BRITISH working mothers should be given the right to breastfeed their babies during office hours, according to a government proposal to be launched on Tuesday.
A Department of Health white paper will set out a plan to encourage firms to adopt “breastfeeding-friendly employment policies” in a push to increase the UK’s low rates of breastfeeding.
Firms will be urged to provide private areas where women can breastfeed or express milk and dedicated fridges for storing it.
Another proposed measure is greater flexibility around when mothers take breaks, enabling them, where possible to return home to breastfeed their child.
Government ministers argue that increasing breastfeeding rates has the potential to boost children’s health and cut infant mortality levels.
The UK Health Secretary Andrew Lansley said: “Giving young families good support is key to tackling health inequalities and key to good health in the whole population.
“Breastfeeding is one of the best ways to give babies good health, but our society doesn’t always make it easy for new mums to do it. We want to make it easier for new mums to breastfeed.”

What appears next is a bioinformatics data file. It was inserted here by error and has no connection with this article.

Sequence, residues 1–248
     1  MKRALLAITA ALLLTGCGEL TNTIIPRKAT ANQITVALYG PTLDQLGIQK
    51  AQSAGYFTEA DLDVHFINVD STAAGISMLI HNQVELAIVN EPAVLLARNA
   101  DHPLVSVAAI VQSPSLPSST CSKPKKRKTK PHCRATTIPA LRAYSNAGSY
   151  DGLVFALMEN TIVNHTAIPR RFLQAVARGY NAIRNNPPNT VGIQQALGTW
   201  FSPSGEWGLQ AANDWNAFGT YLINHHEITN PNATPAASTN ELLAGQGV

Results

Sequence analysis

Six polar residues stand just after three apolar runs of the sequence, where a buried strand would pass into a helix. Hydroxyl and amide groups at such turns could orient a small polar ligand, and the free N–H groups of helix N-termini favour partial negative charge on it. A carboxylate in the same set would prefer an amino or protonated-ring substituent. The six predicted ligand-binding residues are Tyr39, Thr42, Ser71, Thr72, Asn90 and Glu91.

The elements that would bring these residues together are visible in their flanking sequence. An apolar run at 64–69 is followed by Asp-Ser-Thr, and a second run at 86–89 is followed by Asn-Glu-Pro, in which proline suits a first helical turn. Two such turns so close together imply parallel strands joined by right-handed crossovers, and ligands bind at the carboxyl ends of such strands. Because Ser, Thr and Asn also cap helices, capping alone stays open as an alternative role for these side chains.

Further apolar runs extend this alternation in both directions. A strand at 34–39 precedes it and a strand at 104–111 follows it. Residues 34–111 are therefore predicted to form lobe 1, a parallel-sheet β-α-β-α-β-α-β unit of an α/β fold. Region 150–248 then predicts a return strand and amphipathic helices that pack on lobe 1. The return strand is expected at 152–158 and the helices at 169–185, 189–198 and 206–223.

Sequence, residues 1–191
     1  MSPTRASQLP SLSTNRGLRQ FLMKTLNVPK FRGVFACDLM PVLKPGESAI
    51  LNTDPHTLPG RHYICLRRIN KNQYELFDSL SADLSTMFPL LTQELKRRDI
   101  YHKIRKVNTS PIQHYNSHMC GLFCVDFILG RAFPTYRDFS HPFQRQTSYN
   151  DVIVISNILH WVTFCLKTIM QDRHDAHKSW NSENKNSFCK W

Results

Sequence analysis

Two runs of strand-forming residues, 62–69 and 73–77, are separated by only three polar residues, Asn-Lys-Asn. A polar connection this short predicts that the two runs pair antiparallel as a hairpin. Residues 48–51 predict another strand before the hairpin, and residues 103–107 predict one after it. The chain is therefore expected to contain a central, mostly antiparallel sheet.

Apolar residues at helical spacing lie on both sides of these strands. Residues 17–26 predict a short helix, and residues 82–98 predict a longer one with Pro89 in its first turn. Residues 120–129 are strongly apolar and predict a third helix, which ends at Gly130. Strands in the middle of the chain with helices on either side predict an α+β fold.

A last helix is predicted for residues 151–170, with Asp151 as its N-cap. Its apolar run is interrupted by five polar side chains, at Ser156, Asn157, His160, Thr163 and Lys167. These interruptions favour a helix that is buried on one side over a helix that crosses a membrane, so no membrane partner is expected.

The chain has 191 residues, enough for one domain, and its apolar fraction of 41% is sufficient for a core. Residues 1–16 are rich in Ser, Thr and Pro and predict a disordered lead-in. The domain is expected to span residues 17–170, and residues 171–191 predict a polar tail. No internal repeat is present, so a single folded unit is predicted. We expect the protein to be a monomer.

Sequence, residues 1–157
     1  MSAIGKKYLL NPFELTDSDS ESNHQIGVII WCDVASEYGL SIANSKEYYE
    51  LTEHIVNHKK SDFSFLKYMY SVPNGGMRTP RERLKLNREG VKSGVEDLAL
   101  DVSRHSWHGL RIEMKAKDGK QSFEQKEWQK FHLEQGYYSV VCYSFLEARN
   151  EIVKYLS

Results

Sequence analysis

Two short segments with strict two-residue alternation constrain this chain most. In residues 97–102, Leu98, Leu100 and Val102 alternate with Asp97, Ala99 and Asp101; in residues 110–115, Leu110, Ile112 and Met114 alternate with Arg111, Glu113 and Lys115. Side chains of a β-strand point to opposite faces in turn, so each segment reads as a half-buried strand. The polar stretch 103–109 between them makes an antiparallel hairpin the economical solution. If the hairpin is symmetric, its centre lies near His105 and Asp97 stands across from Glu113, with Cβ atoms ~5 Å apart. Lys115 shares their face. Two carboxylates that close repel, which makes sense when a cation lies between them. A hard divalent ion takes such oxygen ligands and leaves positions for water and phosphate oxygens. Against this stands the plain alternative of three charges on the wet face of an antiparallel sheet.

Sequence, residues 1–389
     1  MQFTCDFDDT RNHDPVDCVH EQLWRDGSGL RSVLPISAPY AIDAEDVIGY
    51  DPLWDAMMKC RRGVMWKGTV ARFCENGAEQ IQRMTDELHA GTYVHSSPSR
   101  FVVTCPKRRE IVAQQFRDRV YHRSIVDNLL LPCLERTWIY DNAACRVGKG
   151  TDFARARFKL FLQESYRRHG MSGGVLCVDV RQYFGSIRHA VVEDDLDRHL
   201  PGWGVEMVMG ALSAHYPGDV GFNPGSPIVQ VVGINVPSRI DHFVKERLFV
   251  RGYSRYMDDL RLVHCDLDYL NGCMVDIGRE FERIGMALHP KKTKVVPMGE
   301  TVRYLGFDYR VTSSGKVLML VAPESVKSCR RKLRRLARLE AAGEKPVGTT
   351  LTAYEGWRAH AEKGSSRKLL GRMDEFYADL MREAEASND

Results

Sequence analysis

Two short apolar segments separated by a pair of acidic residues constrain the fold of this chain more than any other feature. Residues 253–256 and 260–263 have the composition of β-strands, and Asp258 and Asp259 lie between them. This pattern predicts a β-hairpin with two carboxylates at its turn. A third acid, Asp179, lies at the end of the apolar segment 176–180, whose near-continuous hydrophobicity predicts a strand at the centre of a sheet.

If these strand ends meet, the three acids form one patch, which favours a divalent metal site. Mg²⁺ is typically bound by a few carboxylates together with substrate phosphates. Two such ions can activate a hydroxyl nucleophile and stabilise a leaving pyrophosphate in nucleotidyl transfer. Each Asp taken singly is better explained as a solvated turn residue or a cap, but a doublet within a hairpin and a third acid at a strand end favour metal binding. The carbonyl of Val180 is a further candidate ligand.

“If we can make it easier more mums would breastfeed and they might do it for longer, giving their children the best start in life,” Mr Lansley added.
Around 66 percent of British women in manual jobs breastfeed, compared with 88 percent of professionals.
National Health Service figures recently showed that 39 percent of mothers who stopped breastfeeding between four and six months after childbirth blamed work.
Women in England won the right to breastfeed in public last month and the European parliament also voted last month to give women the right to two separate, one-hour periods off for breastfeeding each day.
The scheme, due to be introduced over the next few months, will be tried out initially by several as yet unnamed private companies at no cost to the businesses.
It will be concentrated in less affluent areas where the number of mothers breastfeeding is traditionally low.